In neighbouring communities, the ceremony is called Igba Uche, Ila Oso, Omume Ogwe, Igba Ota Omu, Ipu Ogo, etc. Unlike its neighbours and indeed the larger Igbo land, Igbere has had the exceptional privilege of producing chief executives of three states at different times both in the military era and political dispensation. The late Commander Amadi Ikwechegh was the military administrator of the old Imo State. Dr. Orji Uzor Kalu was the governor of Abia State from 1999 to 2007, while Emmanuel Ukaegbu was at the helm of affairs in Enugu State. This explains the uncommon development of the rural community both in infrastructure and human resource. Though a rural community, Igbere has all the trappings of a modern city. It has a modern market and good network of roads not common in rural communities.
As the Oganihu Ebiri age grade steps out, Omezi Ebiri age grade takes over. The retiring age grade handed over the doctors’ quarters it completed to the community on December 25 as its contribution to community service. That was aside the ICT Complex at the Igbere Secondary School attracted by a member of the age grade and the Federal Character Commission, Dr. Iboko Imo Iboko. The service earned them a place of honour and retirement as they clock 65 years. No true member of the age grade is less than 65 years.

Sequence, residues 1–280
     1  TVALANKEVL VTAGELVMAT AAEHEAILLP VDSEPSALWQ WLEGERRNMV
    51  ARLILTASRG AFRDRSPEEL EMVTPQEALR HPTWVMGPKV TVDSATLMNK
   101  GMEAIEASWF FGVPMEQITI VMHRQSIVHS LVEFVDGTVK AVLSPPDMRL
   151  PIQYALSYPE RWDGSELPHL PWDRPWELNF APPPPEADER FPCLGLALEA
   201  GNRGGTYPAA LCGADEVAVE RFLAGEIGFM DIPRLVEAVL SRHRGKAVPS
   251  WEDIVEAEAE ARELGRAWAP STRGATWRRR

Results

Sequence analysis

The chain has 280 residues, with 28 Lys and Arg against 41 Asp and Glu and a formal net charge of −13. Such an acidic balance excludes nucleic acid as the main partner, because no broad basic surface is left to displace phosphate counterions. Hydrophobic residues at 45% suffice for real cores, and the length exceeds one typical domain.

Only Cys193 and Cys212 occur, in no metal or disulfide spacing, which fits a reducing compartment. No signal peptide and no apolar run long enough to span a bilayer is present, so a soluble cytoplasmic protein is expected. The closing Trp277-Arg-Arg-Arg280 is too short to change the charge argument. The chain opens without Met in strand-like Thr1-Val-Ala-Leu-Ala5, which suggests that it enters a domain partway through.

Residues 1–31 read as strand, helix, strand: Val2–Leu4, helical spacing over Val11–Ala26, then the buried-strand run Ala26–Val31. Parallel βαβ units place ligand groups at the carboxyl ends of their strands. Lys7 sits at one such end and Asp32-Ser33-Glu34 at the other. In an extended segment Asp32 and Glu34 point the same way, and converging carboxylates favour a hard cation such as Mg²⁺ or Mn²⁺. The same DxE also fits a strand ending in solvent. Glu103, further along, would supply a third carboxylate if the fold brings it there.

Chief Jones Udeogu, retired permanent secretary and former commissioner for Finance and Economic Planning, Abia State, a co-chair of the event, captured the mood succinctly in a speech delivered on the second day of the event entitled: “Consolidation of the Dignity, Tradition and Cultural Values of Igbere Clan.”